With that in mind, I counseled repeatedly that without abandoning our identity as Catholics, we should leave the local church building and open a storefront, lay-led Catholic Church down the street. We would become a “shadow church” with its own lay pastor, its Eucharistic celebrations, its on-going education programs, and its outreach programs to the local poor. I recommended that we publicly invite our entire congregation to join us, and that we notify the local bishop of our intentions. We would continue meeting in this way, I recommended, until changes were instituted that met our needs.

Our model would be the Jesus, Mary, and Joseph (JMJ) Catholic Church centralized in James Patterson’s novel, Woman of God (which I reviewed here).

No one in our group of 20-25 proved ready to do any of that.

What I’m suggesting here is that the pedophilia crisis may have so shocked my sisters and brothers within my own community that they may now be open to follow the example of Brigid Fitzgerald, the priest hero of Patterson’s novel. She and her ex-priest husband opened a storefront church of the type I’m suggesting here.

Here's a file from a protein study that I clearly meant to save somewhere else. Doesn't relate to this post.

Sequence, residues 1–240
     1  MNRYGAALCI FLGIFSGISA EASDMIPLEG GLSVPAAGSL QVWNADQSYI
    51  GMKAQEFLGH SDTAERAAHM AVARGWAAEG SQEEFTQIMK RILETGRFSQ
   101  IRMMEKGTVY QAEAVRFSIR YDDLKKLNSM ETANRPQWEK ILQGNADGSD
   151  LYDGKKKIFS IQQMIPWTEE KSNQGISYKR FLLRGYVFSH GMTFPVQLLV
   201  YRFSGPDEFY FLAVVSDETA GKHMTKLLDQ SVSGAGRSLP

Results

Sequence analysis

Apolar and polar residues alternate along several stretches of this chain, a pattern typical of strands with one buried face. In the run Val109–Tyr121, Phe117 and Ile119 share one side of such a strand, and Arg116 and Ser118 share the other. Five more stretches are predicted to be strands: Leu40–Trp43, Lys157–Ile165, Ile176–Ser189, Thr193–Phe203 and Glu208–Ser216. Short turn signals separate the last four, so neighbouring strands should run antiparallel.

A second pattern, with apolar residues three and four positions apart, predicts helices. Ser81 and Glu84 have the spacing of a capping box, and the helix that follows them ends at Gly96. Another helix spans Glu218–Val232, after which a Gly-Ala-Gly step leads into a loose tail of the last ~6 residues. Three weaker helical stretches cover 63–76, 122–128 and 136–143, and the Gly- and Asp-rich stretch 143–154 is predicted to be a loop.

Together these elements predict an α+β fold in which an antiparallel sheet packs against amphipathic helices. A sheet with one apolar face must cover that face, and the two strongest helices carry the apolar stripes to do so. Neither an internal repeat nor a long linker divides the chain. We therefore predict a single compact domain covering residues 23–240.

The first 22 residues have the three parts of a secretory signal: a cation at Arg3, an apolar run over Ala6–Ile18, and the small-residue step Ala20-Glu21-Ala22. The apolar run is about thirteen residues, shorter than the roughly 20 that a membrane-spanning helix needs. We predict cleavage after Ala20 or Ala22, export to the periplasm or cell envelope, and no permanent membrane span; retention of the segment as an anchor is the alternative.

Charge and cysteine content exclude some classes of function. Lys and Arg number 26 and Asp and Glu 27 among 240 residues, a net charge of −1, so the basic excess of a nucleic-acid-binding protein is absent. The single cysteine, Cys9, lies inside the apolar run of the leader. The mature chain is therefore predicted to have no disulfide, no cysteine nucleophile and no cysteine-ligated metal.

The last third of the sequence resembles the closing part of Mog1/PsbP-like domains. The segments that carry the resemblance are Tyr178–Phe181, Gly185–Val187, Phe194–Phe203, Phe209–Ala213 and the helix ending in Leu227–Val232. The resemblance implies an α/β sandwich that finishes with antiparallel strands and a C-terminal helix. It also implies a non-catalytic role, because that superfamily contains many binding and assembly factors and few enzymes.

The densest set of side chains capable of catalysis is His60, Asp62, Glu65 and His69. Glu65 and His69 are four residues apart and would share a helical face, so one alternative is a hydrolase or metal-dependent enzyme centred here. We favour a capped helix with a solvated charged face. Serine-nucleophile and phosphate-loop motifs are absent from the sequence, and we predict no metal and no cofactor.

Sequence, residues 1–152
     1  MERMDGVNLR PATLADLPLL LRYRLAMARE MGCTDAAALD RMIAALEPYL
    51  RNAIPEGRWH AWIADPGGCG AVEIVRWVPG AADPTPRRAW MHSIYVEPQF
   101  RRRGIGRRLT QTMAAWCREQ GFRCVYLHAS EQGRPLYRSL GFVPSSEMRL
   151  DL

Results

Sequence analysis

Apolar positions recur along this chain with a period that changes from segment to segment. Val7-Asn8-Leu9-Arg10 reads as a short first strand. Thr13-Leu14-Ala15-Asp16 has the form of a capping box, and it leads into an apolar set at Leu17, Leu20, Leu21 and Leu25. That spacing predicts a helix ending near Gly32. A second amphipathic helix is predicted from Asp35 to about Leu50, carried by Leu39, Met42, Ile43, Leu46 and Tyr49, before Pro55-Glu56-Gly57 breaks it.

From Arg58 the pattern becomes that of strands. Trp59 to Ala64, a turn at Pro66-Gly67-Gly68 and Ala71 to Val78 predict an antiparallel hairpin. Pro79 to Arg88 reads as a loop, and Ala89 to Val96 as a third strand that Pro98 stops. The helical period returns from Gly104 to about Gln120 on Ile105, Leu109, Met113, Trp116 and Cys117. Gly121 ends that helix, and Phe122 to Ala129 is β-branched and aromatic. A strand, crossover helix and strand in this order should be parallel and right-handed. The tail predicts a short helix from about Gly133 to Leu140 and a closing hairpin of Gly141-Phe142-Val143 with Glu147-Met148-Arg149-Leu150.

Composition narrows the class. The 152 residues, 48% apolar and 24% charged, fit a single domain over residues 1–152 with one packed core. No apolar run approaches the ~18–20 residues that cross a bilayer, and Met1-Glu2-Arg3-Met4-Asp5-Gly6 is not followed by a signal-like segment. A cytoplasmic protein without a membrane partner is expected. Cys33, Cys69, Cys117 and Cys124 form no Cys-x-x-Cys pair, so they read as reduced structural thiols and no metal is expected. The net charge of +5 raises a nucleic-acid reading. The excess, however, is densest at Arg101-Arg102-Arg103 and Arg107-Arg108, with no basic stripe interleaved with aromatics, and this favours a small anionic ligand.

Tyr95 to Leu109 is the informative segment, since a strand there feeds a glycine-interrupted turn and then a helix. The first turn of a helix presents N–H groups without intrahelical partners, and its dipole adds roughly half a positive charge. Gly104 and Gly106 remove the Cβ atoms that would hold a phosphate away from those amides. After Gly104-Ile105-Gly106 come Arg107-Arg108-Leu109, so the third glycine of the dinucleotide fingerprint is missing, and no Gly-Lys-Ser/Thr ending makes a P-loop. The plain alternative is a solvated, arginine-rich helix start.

I’m betting that following that example across the country and world would move local bishops, Pope Francis and the Catholic establishment to adopt something like the reforms I’ve suggested here.

So, let’s form our own JMJ churches. What have we got to lose?

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Mike Rivage-Seul's Blog

Emeritus professor of Peace & Social Justice Studies. Liberation theologian. Activist. Former R.C. priest. Married for 45 years. Three grown children. Six grandchildren.

8 thoughts on “It’s Time for Catholics to Employ the Shock Doctrine: Set Up Alternative Storefront Churches Everywhere”

  1. That is such an interesting idea, Mike. It reminds me of the little storefront churches that I saw in my old Over-the=Rhine neighborhood in Cincinnati, where I roomed with Chris Cotter. I bet some of the great Franciscans I knew there would have been open to this idea.

    I’m a little afraid that Catholic reactionaries will also try to use this moment to bring back the John Paul IInd church or the church of Pope Pius XII. Already many of these folks are calling for the resignation of Pope Francis.